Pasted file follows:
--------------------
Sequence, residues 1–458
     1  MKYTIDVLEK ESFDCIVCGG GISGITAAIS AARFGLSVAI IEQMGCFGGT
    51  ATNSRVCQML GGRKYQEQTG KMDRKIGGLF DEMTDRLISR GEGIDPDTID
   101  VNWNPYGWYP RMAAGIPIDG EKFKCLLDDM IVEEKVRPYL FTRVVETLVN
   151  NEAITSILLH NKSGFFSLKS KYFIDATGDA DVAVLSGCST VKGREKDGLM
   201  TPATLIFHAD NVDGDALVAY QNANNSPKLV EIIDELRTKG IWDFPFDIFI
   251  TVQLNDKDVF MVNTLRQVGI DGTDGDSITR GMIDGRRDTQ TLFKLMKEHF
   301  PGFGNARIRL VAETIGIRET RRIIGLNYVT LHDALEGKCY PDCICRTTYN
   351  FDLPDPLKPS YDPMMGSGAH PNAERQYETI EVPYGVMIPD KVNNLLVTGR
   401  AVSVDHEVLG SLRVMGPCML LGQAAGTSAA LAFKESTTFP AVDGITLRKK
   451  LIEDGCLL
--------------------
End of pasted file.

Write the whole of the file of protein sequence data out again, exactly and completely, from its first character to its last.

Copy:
Sequence, residues 1–458
     1  MKYTIDVLEK ESFDCIVCGG GISGITAAIS AARFGLSVAI IEQMGCFGGT
    51  ATNSRVCQML GGRKYQEQTG KMDRKIGGLF DEMTDRLISR GEGIDPDTID
   101  VNWNPYGWYP RMAAGIPIDG EKFKCLLDDM IVEEKVRPYL FTRVVETLVN
   151  NEAITSILLH NKSGFFSLKS KYFIDATGDA DVAVLSGCST VKGREKDGLM
   201  TPATLIFHAD NVDGDALVAY QNANNSPKLV EIIDELRTKG IWDFPFDIFI
   251  TVQLNDKDVF MVNTLRQVGI DGTDGDSITR GMIDGRRDTQ TLFKLMKEHF
   301  PGFGNARIRL VAETIGIRET RRIIGLNYVT LHDALEGKCY PDCICRTTYN
   351  FDLPDPLKPS YDPMMGSGAH PNAERQYETI EVPYGVMIPD KVNNLLVTGR
   401  AVSVDHEVLG SLRVMGPCML LGQAAGTSAA LAFKESTTFP AVDGITLRKK
   451  LIEDGCLL